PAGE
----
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Allen Park — A month ago, T.J. Lang was saying this is the best he’s felt in five years, but the Detroit Lions offensive guard’s status heading into the regular season once again is shrouded in mystery as the missed practices stack up.

It’s been more than a week since Lang has practiced, having suffered a lower-leg injury in the first week of training camp. 

“I’m kind of taking things day by day,” Lang said Wednesday. “I know there’s been a lot of speculation about me not being out there, but I’ve been doing a lot of work with certain people, so far, the past couple weeks. I guess all I can really say is there’s nothing serious going on.

“I’m just kind of being cautious right now with the training staff — trainers, doctors,” Lang continued. “My plan this year, right now, is take it day by day, get healthy and do my best to be out there for Week 1, which I think is definitely the goal right now.”

Lang’s injury history is staggeringly long. While in Green Bay, he was hampered by an ankle injury for a month in 2014, battled a shoulder injury the final two months of the 2015 campaign and it was a combination of neck, calf, hip and foot issues that limited his practice participation throughout the 2016 season.

Despite offseason surgery to repair his hip, the Lions still opted to roll the dice on the 29-year-old lineman in free agency last year. He was held out of the early portion of the offseason program and once training camp rolled around, he practiced only sporadically.

That cautious approach did little to prevent new problems from arising.

Lang appeared in 13 games for Detroit in 2017, managing to earn to his second consecutive Pro Bowl nomination. That despite dealing with foot, back and leg injuries through the year, as well as a concussion.

The Lions signed Lang to a three-year deal, part of general manager Bob Quinn’s three-year overhaul of the team’s offensive line. Durability issues, not just with Lang, but across the board, derailed Quinn’s plan as Detroit started 10 different combinations up front in 2017. That played a significant role in the team finishing last in the NFL in rushing and allowing 47 sacks, a career-high for quarterback Matthew Stafford.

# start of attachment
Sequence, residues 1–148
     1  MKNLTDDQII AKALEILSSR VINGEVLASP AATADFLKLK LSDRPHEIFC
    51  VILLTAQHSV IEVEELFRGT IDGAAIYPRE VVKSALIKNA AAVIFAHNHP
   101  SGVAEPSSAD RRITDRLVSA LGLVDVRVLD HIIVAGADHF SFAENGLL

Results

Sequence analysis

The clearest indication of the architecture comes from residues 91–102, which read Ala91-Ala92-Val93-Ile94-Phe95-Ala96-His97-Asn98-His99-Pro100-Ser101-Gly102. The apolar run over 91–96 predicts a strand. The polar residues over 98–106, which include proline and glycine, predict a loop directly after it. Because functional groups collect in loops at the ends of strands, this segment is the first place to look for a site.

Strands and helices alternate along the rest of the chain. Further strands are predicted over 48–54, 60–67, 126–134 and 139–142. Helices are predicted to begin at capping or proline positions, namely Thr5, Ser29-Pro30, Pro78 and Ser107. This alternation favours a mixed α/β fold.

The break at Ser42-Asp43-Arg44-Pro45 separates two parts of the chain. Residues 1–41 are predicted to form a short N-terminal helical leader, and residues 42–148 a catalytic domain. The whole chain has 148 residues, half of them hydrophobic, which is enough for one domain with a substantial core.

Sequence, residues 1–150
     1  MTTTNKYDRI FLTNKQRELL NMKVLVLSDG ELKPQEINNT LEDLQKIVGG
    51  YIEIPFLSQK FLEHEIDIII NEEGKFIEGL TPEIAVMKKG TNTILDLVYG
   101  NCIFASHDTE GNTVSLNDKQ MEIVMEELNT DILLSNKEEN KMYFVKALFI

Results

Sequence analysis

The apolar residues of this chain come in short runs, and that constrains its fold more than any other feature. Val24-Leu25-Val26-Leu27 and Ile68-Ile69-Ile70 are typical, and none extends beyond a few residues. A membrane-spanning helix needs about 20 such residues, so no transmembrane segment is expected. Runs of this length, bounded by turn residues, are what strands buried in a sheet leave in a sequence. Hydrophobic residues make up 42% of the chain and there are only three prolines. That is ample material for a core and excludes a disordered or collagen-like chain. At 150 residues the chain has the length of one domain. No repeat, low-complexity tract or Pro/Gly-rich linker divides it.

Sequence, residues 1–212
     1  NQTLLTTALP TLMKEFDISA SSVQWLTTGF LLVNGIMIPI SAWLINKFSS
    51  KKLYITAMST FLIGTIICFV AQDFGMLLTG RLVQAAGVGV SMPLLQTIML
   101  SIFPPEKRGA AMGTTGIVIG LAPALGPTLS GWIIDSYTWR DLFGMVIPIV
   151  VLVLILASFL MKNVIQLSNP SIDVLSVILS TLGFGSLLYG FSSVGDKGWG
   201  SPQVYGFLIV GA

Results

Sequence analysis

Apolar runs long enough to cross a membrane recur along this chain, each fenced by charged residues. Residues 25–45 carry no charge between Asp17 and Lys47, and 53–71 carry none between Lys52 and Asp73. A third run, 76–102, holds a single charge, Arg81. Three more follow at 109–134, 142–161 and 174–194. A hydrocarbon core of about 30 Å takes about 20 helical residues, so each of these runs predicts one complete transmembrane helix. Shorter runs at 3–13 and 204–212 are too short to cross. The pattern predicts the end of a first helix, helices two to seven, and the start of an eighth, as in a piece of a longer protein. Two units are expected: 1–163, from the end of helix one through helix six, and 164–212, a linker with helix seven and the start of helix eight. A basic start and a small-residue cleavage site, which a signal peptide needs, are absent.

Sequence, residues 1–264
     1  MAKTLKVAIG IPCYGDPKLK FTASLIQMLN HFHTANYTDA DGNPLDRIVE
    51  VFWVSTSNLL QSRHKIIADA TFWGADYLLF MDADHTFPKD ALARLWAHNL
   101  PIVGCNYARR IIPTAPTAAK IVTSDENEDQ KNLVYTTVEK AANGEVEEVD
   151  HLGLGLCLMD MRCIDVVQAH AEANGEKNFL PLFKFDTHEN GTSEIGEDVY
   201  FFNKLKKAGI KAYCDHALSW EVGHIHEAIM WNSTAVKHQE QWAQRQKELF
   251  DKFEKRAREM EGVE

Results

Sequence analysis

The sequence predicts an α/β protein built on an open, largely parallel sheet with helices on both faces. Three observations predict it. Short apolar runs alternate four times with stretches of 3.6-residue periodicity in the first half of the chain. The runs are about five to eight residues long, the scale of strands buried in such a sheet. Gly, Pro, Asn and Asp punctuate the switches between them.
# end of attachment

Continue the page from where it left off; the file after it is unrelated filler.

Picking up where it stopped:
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Quinn invested in insurance policies this offseason, signing experienced veterans Kenny Wiggins and Wesley Johnson to serve as backups, but both have struggled with consistency during the preseason.

Still, Lang’s injury has given those backups, along with the returning Joe Dahl, extended opportunities to work with the first-team offense, to develop chemistry in case of a worst-case scenario.

“For me, ideally, you’d like to have everybody always out on the practice field,” Lions coach Matt Patricia said. “I think, again, like I’ve mentioned before, I would say the offensive line is one position that’s extremely hard — from a standpoint of, you have five guys that need to see the game through one set of eyes. That is always tricky. But, you also embrace the opportunity to get a good evaluation of different guys in those spots and I’ll take that now. I’ll take that opportunity now to do that when we’re working through training camp, as opposed to trying to figure that out on a Wednesday or a Thursday of a game week.”

Lang’s setback, after coming into camp healthy, has been admittedly frustrating for the player and the team. But even if he remains sidelined through the remainder of the preseason, he doesn’t believe it will prevent him from playing at a high level once the games matter.

“I think, mentally, (playing in the preseason) goes a long way in preparation for the season, but at the same time, I’ve been doing this for a long time,” Lang said. “I can find ways to simulate that, even if I don’t play this week or next week at all. I don’t think I’ll have any trouble getting off to a good start in Week 1.”

jdrogers@detroitnews.com

twitter.com/justin_rogers

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